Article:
Your smartphone is unique because its camera is
Every picture taken by a smartphone contains an invisible trace, which is called PRNU (Photo-Response Non-Uniformity). This trace is unique – making every camera sensor different from each other – just like a fingerprint. This fingerprint is also completely random, because it is intrinsic to manufacturing processes of sensors. Being random means that the producers of sensors and smartphones cannot manipulate it, or clone it in a different sensor, making this characteristic a Physical Unclonable Function (PUF) by design.
ToothPic exploits the camera sensor fingerprint to derive a secret that ties keys to the sensor hardware
Your secret is only on your smartphone
With asymmetric cryptography a user has a private key that should be kept safe and a corresponding public key shared with everyone. Operations performed with one of the keys can only be verified using the corresponding other key. For user authentication a simple protocol can be established: the server sends a challenge message to the user, the user signs the message using the private key, the server verifies the signature with the user’s public key. Since there is no shared secret between the server and users, there is no single point of failure at the server side. The only requirement is to protect each users’ private key. Due to its enhanced security, this is the solution chosen by most recent authentication protocols like FIDO.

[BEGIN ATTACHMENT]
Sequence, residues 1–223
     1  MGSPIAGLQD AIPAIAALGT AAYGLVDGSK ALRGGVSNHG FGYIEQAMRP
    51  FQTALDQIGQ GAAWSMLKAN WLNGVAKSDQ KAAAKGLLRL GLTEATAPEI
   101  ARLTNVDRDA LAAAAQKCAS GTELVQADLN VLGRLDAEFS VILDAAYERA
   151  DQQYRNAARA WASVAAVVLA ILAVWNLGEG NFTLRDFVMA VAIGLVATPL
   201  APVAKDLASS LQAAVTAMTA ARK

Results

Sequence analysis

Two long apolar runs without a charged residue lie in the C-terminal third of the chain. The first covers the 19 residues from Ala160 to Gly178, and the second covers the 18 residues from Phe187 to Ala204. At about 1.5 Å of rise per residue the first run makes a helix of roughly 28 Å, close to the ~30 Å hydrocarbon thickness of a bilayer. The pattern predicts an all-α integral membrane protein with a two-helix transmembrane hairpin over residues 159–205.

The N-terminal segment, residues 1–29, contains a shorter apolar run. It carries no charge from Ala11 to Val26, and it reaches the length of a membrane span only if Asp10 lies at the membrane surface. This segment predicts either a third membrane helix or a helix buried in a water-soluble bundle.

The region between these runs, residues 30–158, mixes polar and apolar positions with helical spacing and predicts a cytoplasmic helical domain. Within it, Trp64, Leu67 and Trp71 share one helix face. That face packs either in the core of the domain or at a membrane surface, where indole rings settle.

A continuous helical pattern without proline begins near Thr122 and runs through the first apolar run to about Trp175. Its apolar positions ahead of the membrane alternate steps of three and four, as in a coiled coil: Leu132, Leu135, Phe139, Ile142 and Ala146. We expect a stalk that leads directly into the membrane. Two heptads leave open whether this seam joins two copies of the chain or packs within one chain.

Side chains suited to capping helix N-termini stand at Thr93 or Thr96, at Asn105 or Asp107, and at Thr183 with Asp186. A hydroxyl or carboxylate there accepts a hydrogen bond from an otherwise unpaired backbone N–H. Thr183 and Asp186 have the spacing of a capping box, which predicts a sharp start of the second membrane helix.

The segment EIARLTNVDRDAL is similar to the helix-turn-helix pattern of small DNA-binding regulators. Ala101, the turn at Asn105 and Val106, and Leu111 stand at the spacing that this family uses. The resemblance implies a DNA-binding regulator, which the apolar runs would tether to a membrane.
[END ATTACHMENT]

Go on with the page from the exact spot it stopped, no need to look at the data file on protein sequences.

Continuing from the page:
ToothPic keeps private keys safer than competing technologies, since they are never stored on the device but tied to its hardware.
Do not expose your secret to malware
As users of Internet-based services, we know we are constantly subject to attacks aimed at stealing our secret keys. Also the information stored on your smartphone can be subject to attacks. Indeed, malicious software may be installed on it, and it may read and use sensitive information. For this reason, the best smartphone-based cryptographic systems do not store data and perform calculations like any other app does — they use secure computation environments that guarantee application integrity and data confidentiality. This can be done using e.g. the trusted execution environment or whitebox cryptography techniques.